After two seasons of struggle in the UEFA Europa League and then the UEFA Champions League, Dortmund have come of age this term, even if their league form has suffered, slightly.
At 0-0, 86 minutes into Dortmund's opening Champions League encounter against Ajax and it looked like deja-vu. After two years of struggles in Europe, it looked like BVB had not managed to change their spots. But up stepped Robert Lewandowski to drill in the winner and the Westphalians' season ignited. Wins over Real Madrid and Manchester City followed as BVB cruised into the last 16 as group winners, becoming the side everybody wanted to avoid in the draw.
For those who did not know him already, Mario Götze's talents have been showcased on Europe's highest stage this season, and he has not shown the slightest sign of nerves. Effective, skilful and incredibly hard to handle, Götze has already earned comparisons with Lionel Messi. Of a similar stature, and with a comparable technique, the Germany international is becoming as important to Dortmund as 'the Flea' is to FC Barcelona. And whoever said that he couldn't fit in the same team as Marco Reus...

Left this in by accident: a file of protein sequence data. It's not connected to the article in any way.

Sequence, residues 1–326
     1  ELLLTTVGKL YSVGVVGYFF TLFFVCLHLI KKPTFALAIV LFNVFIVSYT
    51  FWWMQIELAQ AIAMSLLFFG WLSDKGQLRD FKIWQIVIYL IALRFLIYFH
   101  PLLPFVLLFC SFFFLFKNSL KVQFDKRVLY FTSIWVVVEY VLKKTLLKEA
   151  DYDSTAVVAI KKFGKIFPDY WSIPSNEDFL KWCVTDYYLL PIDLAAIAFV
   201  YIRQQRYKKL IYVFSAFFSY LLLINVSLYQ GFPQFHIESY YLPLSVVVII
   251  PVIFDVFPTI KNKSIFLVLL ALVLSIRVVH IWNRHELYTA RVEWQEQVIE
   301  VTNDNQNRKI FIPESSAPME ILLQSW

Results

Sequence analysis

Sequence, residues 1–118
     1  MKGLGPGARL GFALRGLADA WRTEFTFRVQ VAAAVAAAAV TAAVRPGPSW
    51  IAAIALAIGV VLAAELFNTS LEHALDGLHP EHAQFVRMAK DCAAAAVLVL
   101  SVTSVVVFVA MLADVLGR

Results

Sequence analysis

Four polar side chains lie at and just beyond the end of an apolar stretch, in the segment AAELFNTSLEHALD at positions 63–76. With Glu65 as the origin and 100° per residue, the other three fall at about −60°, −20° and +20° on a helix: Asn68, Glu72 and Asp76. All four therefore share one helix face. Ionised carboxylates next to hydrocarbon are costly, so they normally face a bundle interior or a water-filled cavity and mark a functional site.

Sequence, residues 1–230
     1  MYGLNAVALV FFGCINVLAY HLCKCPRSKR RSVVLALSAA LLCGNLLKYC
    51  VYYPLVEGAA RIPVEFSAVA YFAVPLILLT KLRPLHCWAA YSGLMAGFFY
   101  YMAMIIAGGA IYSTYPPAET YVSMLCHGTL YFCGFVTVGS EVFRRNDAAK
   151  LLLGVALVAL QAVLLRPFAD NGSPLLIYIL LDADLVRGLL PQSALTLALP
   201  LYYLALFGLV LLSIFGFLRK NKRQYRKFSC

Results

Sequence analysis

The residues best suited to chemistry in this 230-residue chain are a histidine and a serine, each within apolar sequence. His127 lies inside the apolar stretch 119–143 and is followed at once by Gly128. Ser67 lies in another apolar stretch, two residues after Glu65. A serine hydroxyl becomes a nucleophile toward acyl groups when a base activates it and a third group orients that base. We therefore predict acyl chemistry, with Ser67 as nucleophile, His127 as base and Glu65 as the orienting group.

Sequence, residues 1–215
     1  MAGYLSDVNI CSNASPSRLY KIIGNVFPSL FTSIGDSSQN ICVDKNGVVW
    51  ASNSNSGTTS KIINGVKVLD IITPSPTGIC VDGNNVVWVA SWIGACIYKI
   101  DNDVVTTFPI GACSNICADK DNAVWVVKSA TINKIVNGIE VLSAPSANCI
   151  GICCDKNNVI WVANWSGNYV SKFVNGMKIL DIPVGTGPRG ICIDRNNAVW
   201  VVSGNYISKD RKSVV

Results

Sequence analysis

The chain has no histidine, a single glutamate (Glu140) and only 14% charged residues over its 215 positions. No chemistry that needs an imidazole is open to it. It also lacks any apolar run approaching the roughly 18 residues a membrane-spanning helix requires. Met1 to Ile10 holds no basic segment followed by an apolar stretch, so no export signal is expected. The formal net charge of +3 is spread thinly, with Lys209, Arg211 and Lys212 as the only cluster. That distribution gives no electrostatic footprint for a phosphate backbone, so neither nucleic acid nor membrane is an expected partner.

Reus and Götze seem to be joined at the hip, as their now famous goal celebration suggests. Reus is no unkown name in the footballing world and he is certainly not a player who has yet to make the breakthrough or deliver on his potential. Instead, the Germany international is one to watch simply because you never know what he might do next. His pace and intelligence mean he is ready to pounce on any defensive mistake, and he also strikes a mean dead ball.
80,577 - The average attendance at Dortmund's Signal Iduna Park in the first half of the Bundesliga season.
30 - Dortmund's points' tally at the midway stage of the season - just four fewer than at the same stage of last season.
12 - Dortmund's deficit on league leaders Bayern Munich. This time last year, they were just three adrift.
"What was I supposed to do with my pent-up aggression - slide-tackle my wife, shoulder-charge her into the cooker? Fortunately it never came to that."
Klopp explaining why he went into coaching after ending his playing career.